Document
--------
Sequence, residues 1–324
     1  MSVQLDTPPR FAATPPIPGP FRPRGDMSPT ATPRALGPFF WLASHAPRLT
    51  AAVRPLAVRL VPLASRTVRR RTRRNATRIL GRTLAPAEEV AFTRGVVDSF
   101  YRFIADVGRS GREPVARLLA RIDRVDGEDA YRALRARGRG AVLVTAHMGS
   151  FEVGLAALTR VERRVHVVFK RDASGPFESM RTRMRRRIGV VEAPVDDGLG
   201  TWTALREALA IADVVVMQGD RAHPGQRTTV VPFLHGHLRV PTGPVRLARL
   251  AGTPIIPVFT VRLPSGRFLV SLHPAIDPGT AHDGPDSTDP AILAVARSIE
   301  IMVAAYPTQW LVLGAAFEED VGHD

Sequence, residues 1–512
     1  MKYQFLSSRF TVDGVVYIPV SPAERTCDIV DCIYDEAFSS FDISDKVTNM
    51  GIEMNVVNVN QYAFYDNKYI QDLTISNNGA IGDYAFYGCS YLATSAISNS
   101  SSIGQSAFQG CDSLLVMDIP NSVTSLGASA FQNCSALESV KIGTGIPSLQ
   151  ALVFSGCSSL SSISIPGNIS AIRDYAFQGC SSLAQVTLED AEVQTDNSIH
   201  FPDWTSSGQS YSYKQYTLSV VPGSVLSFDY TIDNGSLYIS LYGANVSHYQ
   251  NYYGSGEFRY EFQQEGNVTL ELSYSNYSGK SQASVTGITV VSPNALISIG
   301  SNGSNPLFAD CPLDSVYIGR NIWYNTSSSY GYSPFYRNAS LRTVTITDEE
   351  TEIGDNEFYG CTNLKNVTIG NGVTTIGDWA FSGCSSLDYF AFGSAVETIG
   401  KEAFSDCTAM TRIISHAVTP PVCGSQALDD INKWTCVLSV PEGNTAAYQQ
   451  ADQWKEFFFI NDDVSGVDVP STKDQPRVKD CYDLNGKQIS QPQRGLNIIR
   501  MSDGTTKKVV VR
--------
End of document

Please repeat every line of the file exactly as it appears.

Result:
Sequence, residues 1–324
     1  MSVQLDTPPR FAATPPIPGP FRPRGDMSPT ATPRALGPFF WLASHAPRLT
    51  AAVRPLAVRL VPLASRTVRR RTRRNATRIL GRTLAPAEEV AFTRGVVDSF
   101  YRFIADVGRS GREPVARLLA RIDRVDGEDA YRALRARGRG AVLVTAHMGS
   151  FEVGLAALTR VERRVHVVFK RDASGPFESM RTRMRRRIGV VEAPVDDGLG
   201  TWTALREALA IADVVVMQGD RAHPGQRTTV VPFLHGHLRV PTGPVRLARL
   251  AGTPIIPVFT VRLPSGRFLV SLHPAIDPGT AHDGPDSTDP AILAVARSIE
   301  IMVAAYPTQW LVLGAAFEED VGHD

Sequence, residues 1–512
     1  MKYQFLSSRF TVDGVVYIPV SPAERTCDIV DCIYDEAFSS FDISDKVTNM
    51  GIEMNVVNVN QYAFYDNKYI QDLTISNNGA IGDYAFYGCS YLATSAISNS
   101  SSIGQSAFQG CDSLLVMDIP NSVTSLGASA FQNCSALESV KIGTGIPSLQ
   151  ALVFSGCSSL SSISIPGNIS AIRDYAFQGC SSLAQVTLED AEVQTDNSIH
   201  FPDWTSSGQS YSYKQYTLSV VPGSVLSFDY TIDNGSLYIS LYGANVSHYQ
   251  NYYGSGEFRY EFQQEGNVTL ELSYSNYSGK SQASVTGITV VSPNALISIG
   301  SNGSNPLFAD CPLDSVYIGR NIWYNTSSSY GYSPFYRNAS LRTVTITDEE
   351  TEIGDNEFYG CTNLKNVTIG NGVTTIGDWA FSGCSSLDYF AFGSAVETIG
   401  KEAFSDCTAM TRIISHAVTP PVCGSQALDD INKWTCVLSV PEGNTAAYQQ
   451  ADQWKEFFFI NDDVSGVDVP STKDQPRVKD CYDLNGKQIS QPQRGLNIIR
   501  MSDGTTKKVV VR